It’s the first day of summer, the longest day of the year. As light lengthens past nine at night, a writer feels braver. Summer offers a richer and truer expression of relaxation and reflection.
When we write, we’re in “summer school.” Writer William Zinsser said: “The subject you best know is yourself.” So, write about that. If you’re journaling, use the journal as a “classroom” to explore and learn more about yourself and others. Author and writing teacher, Susan Tiberghien, once said, “I try to live my day as a journey. When a flower opens in sunlight, when a cloud beckons, I write that in my journal.” In writing, self-absorption slips away. In her writing guide, Wild Mind, Natalie Goldberg notes that writing allows us to “let it go.”
Not only that, but I have always felt writing fosters empathy, not just for others, but for us. What’s the point of that? Empathy translates into better relationships, opens up a mutual give and take, and encourages different perspectives and a rhythm of hope and optimism that might not have been there before. When people ask why I started the Women’s Writing Circle, I always say it was borne out of this feeling that women’s voices have been marginalized. Writing may crystallize a plan, a path forward, a way out of a problem. We’re in this together.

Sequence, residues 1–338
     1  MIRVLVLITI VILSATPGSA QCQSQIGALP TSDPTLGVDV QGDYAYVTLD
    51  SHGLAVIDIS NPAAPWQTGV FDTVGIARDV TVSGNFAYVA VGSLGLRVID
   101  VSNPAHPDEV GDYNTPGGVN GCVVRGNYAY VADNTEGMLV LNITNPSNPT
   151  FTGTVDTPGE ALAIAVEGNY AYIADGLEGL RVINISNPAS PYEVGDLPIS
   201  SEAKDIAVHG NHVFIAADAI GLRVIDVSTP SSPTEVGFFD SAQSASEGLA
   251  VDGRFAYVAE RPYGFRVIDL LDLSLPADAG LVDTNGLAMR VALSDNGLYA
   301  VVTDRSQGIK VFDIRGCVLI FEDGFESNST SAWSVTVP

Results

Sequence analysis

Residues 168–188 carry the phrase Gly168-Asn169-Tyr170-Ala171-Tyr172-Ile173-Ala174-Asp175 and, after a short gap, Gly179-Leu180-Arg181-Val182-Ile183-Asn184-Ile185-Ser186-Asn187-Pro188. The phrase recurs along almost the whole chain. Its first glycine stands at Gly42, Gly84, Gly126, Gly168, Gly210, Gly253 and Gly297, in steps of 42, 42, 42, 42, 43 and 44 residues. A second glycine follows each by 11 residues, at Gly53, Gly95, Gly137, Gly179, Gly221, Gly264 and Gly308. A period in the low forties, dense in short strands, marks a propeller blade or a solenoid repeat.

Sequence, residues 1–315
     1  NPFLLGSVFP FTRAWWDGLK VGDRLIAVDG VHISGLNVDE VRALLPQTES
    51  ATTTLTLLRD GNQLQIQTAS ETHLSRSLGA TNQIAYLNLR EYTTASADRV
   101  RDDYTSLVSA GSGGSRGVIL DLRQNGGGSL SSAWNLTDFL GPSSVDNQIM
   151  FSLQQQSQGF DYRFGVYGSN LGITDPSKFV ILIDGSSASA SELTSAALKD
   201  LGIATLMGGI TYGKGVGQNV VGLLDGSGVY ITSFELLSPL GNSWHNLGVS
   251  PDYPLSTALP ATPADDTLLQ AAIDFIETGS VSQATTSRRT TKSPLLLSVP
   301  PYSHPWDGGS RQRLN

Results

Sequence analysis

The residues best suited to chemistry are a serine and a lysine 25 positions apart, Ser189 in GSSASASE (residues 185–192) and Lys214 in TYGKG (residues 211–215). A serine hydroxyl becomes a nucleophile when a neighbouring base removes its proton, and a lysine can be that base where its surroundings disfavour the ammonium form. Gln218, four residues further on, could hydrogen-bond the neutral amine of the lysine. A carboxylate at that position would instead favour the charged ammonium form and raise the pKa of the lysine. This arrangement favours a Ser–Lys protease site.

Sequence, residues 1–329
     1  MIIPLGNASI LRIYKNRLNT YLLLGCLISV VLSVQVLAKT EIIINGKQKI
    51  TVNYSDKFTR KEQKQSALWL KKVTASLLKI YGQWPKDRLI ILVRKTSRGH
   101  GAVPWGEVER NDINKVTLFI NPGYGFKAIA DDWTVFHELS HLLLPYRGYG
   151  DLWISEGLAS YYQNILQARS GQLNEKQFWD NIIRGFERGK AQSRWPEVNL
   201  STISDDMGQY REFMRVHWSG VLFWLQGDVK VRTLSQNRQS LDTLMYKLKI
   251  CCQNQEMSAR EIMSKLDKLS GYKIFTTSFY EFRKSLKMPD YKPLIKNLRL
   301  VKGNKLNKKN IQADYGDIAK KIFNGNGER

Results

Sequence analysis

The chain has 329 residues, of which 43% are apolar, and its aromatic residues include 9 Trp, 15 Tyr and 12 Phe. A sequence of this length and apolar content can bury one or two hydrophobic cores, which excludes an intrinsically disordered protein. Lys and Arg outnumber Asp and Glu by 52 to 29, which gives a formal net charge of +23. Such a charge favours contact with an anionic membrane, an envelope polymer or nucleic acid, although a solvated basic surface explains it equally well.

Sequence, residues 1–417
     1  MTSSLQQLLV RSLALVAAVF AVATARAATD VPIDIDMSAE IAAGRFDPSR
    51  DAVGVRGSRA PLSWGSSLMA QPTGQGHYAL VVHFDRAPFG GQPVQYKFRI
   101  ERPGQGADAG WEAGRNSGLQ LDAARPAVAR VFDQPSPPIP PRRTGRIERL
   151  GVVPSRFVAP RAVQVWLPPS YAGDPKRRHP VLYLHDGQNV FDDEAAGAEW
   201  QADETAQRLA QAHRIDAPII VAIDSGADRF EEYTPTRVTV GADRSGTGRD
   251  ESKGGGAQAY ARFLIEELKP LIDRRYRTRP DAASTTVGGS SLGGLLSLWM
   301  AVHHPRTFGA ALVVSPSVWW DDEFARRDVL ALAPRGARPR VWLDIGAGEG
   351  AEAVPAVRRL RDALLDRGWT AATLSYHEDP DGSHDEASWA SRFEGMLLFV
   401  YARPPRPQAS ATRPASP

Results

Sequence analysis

At a recent writing workshop, we were asked to describe a room in our house. Does it foster creativity? How would you describe it? What would you change if you could? I wrote about my pink, gold and red living room. The colors and textures reflect my taste, as well as a commitment I made a long time ago to declutter the spaces where I live. Clutter fosters chaos, disorganization. There’s a couch, a loveseat, and a chair. There are books in one corner near a dark green rolltop desk. On the walls, hang the art from my travels. The art depicts the Wheel of Life, bought in Nepal, the Tree of Life, from Morocco, the winter sled and horse skimming across tundra, bought in Russia. For all that I have seen and traveled the world, I spend most of my days, here in this room, in this house, redolent with memories. A hint of laughter hangs on the breeze or is that the windchime next door? What would I change? The touch of a hand on mine, a kind word over another solitary dinner. What was a choice? What wasn’t a choice?
I write. I ponder. Summer’s journey for the writer waits.